The letter was released just hours after reports surfaced that North Korea had demolished a nuclear test site in the country's northeast region. The closing of the testing site had been announced as a step leading up to the summit between President Donald Trump and North Korea’s leader Kim Jong Un, the Associated Press reported.
Trump earlier this month announced that a historic meeting between him and Kim would take place in Singapore in June.
The highly anticipated meeting between Kim Jong Un and myself will take place in Singapore on June 12th. We will both try to make it a very special moment for World Peace!— Donald J. Trump (@realDonaldTrump) May 10, 2018
Read the full letter released Thursday by White House officials:```
Check back for updates to this developing story.
Published: Thursday, May 24, 2018 @ 12:35 PM
— A family member will remember the man found dead at a Springfield park as a good person and hopes those responsible for his death will be brought to justice.
Cedric Holt Jr., 34, was killed and his body found in a vehicle at Virgil Mabra Park in the city Tuesday morning. Police are investigating his death as a homicide, Springfield Police Chief Lee Graf said. There are no suspects in the case right now, he said.
Holt’s cousin, Gene Cameron, said he was a caring person.
“He was a kind-hearted, very loving man,” Cameron said in a Facebook message to the Springfield News-Sun. “He was all about taking care of his family by any means.”
Holt didn’t deserve what happened to him, Cameron said.
“I love my cousin very much and I’m heartbroken over what happened to him,” he said. “All I can think about is what he went through that night. I know he was terrified.”
The family hopes justice is served, Cameron said.
“He will definitely be missed and forever loved,” he said. “I really hope they get to the bottom of it and find whose responsible.”
Just before Holt’s body was found Tuesday, authorities in Huber Heights responded to a home on Shull Road where two boys, one being Holt’s 14-year-old son, had been tied up in a home invasion. The home had been ransacked, according to 9-1-1 calls.
Published: Thursday, May 24, 2018 @ 9:14 AM
Updated: Thursday, May 24, 2018 @ 11:22 AM
PARK LAYNE — One year after five tornadoes hit in three counties across the Miami Valley, businesses are recovering and the Sunoco station in Park Layne is remembering the tornado outbreak by selling gas at the same price it was being sold for when a tornado hit the gas station.
The Sunoco is selling gas for $2.39 a gallon Thursday.
Five tornadoes hit the Miami Valley one year ago, including two in Clark County, one in Greene County, one in Miami County and one in Warren County. A sixth tornado hit just outside the Miami Valley in Fayette County.
Published: Thursday, May 24, 2018 @ 1:25 PM
Updated: Thursday, May 24, 2018 @ 1:25 PM
WEST PALM BEACH, Fla. — President Donald Trump on Thursday granted late boxer Jack Johnson with a pardon more than 100 years after he was convicted by an all-white jury of taking a white woman across state lines.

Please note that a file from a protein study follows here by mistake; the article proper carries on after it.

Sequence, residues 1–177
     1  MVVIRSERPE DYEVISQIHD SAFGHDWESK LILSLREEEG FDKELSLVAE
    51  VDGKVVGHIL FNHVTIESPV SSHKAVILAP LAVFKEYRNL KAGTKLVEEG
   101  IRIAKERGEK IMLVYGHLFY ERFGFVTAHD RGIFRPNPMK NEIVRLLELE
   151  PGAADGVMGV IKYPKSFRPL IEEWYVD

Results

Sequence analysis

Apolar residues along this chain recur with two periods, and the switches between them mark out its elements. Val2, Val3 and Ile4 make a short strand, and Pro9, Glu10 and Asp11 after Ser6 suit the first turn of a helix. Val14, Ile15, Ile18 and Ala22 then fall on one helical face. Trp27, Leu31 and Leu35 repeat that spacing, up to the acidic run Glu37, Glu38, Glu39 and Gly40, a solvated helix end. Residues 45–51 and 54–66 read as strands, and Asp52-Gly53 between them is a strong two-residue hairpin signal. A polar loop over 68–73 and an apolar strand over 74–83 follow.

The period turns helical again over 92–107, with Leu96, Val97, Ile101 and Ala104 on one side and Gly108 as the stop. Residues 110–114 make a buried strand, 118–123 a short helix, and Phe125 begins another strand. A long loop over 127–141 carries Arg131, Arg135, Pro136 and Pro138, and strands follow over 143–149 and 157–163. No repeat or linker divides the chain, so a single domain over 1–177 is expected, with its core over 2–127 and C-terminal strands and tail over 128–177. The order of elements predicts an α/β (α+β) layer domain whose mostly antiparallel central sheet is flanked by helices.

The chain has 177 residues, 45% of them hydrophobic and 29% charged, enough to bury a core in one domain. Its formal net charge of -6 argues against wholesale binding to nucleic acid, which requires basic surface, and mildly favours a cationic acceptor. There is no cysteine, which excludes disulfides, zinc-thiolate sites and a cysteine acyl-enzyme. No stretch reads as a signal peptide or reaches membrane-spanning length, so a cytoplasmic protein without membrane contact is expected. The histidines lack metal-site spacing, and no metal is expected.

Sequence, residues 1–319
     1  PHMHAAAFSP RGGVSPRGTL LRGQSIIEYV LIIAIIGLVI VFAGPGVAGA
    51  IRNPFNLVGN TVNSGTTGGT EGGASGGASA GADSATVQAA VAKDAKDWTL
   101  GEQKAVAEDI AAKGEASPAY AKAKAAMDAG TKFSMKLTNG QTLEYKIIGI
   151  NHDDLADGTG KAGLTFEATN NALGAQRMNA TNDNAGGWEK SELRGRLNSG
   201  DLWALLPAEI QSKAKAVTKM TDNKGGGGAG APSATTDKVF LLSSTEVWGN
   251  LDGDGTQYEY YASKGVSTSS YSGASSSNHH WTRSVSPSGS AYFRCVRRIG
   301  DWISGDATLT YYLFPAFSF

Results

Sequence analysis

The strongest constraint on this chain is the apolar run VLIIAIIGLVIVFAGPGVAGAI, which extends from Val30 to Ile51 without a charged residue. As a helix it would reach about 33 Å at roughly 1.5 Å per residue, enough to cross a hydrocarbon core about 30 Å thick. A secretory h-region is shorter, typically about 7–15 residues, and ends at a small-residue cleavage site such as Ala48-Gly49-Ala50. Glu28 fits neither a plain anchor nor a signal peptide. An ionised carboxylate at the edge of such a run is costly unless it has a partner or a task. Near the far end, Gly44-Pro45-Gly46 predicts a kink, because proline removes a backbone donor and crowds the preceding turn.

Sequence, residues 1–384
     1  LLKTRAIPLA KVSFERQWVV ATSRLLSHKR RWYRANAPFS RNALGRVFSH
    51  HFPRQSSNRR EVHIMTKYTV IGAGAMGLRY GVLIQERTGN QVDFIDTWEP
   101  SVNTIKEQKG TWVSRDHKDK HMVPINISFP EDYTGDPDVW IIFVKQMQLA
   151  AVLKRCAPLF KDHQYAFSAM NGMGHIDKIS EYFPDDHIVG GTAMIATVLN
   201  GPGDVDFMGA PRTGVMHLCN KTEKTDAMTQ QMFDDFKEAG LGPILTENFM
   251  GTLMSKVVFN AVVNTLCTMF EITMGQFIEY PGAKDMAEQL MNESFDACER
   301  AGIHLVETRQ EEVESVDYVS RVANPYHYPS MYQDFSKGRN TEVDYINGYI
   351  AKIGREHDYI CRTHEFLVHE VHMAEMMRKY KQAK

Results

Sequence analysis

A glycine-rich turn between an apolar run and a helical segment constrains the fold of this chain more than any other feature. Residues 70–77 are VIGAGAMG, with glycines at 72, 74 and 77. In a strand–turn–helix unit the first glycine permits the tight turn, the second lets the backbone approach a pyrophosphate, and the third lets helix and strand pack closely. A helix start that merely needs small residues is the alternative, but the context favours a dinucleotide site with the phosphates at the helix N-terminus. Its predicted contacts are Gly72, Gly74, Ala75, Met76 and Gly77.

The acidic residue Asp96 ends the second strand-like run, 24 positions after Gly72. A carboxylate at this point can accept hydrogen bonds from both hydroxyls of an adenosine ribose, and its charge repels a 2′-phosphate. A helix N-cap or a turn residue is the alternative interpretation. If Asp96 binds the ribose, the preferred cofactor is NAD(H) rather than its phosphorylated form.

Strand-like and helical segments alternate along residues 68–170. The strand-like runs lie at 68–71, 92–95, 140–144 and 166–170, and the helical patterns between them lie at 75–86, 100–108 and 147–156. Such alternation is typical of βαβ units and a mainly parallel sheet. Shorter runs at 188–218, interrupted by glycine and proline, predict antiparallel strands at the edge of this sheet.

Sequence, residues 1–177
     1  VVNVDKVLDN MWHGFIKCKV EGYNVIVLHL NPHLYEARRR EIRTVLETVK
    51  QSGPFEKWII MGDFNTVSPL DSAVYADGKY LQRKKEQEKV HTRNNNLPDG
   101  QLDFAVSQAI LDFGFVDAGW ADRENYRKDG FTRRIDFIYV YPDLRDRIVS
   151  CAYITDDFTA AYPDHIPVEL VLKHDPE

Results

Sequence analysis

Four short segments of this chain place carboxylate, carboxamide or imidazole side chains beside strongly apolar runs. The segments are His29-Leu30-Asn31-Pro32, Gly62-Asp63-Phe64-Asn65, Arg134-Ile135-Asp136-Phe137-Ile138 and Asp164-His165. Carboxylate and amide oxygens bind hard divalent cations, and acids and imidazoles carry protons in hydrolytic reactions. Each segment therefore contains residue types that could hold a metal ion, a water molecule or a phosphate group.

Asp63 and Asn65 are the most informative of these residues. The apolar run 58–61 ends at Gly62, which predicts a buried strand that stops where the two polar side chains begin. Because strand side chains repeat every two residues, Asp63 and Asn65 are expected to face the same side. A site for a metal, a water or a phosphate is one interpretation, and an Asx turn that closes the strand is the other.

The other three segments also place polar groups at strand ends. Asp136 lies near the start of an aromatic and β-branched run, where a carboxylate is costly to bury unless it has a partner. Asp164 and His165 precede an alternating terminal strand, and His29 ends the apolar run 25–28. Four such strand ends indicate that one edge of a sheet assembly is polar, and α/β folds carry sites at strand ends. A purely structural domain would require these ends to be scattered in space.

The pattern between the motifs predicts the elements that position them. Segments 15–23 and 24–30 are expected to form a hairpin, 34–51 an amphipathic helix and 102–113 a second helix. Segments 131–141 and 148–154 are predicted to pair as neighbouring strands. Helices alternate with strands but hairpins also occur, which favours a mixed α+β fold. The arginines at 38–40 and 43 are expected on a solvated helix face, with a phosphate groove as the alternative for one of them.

Several heavyweight boxing champions, both current and former, gathered at the White House on Thursday morning ahead of the expected announcement, The New York Times reported.
Trump noted Thursday that Johnson was convicted “during a period of tremendous racial tension in the United States,” and served 10 months in prison in what many considered to be a “racially motivated injustice.”
"I am taking this very righteous step, I believe, to correct a wrong that occurred in our history," Trump said.
Johnson was convicted in 1913 of violating the Mann Act, a law passed in 1910 that barred people from transporting women across state lines for “immoral” purposes. The woman, Belle Schreiber, worked as a prostitute and had been in a relationship with Johnson, according to the Times.
He was sentenced to serve a year in prison, the Times reported, but he fled the country. He served his sentence after he returned to the U.S. in 1920.
Pres. Trump: "I believe that Jack Johnson is a very worthy person to receive a full pardon...So I am taking this very righteous step, I believe, to correct a wrong that occurred in our history." https://t.co/9I9BtjPYS7 pic.twitter.com/bgqPOgzb9e— ABC News (@ABC) May 24, 2018
Original report: Prodded by actor Sylvester Stallone, President Donald Trump said he’s considering a posthumous pardon for boxing's first black heavyweight champion, more than 100 years after he was convicted by an all-white jury of accompanying a white woman across state lines.
Jack Johnson, who died in 1946, was convicted in 1913 for violating the Mann Act, which made it illegal to transport women across state lines for "immoral" purposes.
"His trials and tribulations were great, his life complex and controversial," Trump tweeted Saturday afternoon from Mar-a-Lago. "Others have looked at this over the years, most thought it would be done, but yes, I am considering a Full Pardon!"
Sylvester Stallone called me with the story of heavyweight boxing champion Jack Johnson. His trials and tribulations were great, his life complex and controversial. Others have looked at this over the years, most thought it would be done, but yes, I am considering a Full Pardon!— Donald J. Trump (@realDonaldTrump) April 21, 2018
Johnson's family has tried to get a posthumous pardon for years. The tweet comes a week after Trump pardoned I. Lewis "Scooter" Libby, a top aide to former Vice President Dick Cheney.